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An Overview of Medicaid Incentives for the Prevention of Chronic Diseases (MIPCD) Grants

This brief provides an overview of the Medicaid Incentives for the Prevention of Chronic Diseases (MIPCD) grants and highlights key findings from the interim evaluation of the program. The brief also places these grants in context of pre-Affordable Care Act (ACA) Medicaid beneficiary incentive programs and proposed programs of states that are incorporating healthy behavior incentives into Medicaid expansion waivers.

How Does Where You Work Affect Your Contraceptive Coverage?

The Affordable Care Act (ACA) requires most private health insurance plans to provide coverage for a broad range of preventive services including FDA approved prescription contraceptives and services for women. Legal challenges and recently issued rules have affected contraceptive coverage for many women.

Women and Health Care in the Early Years of the ACA: Key Findings from the 2013 Kaiser Women’s Health Survey

This report addresses a wide range of topics that are at the heart of women’s health care, as well as changes that women may experience as a result of the Affordable Care Act (ACA). The findings in the report, based off a nationally representative survey conducted by the Kaiser Family Foundation, highlight differences in health care for uninsured, low-income, and minority women. Other focus areas include: coverage, access, and affordability; connections to health providers; access and utilization of preventive services; and reproductive and sexual health services for women of reproductive age, such as contraception and family planning services and screenings for sexually transmitted infections (STIs).

All Eyes on the Supreme Court: More than Birth Control at Stake

On March 25th, the Supreme Court will hear two cases brought by for-profit corporations challenging the ACA’s contraceptive coverage rule on religious grounds. These two corporations are Hobby Lobby, a national chain of craft stores owned by a Christian family and Conestoga Wood Specialties, a cabinet manufacturer, owned by a Mennonite family. Beyond the impact on the ACA and contraceptive coverage, the Court’s decision may have implications for religious rights of employers and employees, as well as corporate and civil rights laws. This brief examines three fundamental questions raised by some of the 84 amicus briefs that have been submitted to the Court.

A Guide to the Supreme Court’s Review of the Contraceptive Coverage Requirement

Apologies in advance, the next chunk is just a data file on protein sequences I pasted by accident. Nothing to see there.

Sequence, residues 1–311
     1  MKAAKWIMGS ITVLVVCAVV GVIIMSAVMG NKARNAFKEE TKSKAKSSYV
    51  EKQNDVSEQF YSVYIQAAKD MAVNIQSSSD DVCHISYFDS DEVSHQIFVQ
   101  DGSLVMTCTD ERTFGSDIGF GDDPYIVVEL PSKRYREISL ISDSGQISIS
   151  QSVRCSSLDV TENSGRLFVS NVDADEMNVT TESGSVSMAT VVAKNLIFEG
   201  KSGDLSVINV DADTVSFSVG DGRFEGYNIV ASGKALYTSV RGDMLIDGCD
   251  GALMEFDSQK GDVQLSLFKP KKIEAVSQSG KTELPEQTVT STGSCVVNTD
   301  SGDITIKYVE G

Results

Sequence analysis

This issue brief dissects the issues raised by the legal challenges to the Affordable Care Act’s requirement that private insurance plans include contraception as part of their coverage of preventive services for women. Over 40 for-profit corporations and over 40 nonprofit corporations have filed lawsuits claiming that the requirement to provide their employees with contraceptives violates their religious rights. On November 26, 2013, the Supreme Court agreed to hear two cases filed by for-profit corporations, Hobby Lobby and Conestoga Wood Specialties, that claim that this requirement violates their religious rights. At the crux of these cases is a question that the Supreme Court has not previously addressed: Do for-profit corporations have religious protections under the 1993 Religious Freedom Restoration Act and the First Amendment? The brief provides background on how the ACA’s contraceptive requirement works, summarizes some of the legal challenges brought by for-profit and non-profit organizations and discusses the implications of potential rulings by the Supreme Court.

Health Reform: Implications for Women’s Access to Coverage and Care

This issue brief, Health Reform: Implications for Women’s Access to Coverage and Care, reviews how the Affordable Care Act is expected to affect access to care and affordability of health coverage for women. It also explains the provisions in the health reform law related to preventive screening services, reproductive health, maternity care and women on Medicare. The brief includes national and state-level estimates of the percentage of uninsured women ages 18-64 who are likely to qualify for federal help under the law and a summary of key coverage and benefits provisions in the health reform law that affect women.

Getting to Zero: Saving Children’s Lives with Vaccines

As one of the cornerstones of global health, widespread immunization through vaccines is critical to reducing child mortality and eradicating polio, two goals endorsed by the international community and particularly emphasized by the U.S. government. This live, interactive webcast explores the importance of vaccines in global child survival efforts, including the role of the U.S. government, the GAVI Alliance, and NGOs. Panelists discuss the current state of childhood immunization, global investments in vaccines, and the opportunities and challenges faced by key stakeholders. This webcast is part of “U.S. Global Health Policy: In Focus”, a Kaiser Family Foundation studio webcast series devoted to discussing current and critical issues facing the U.S.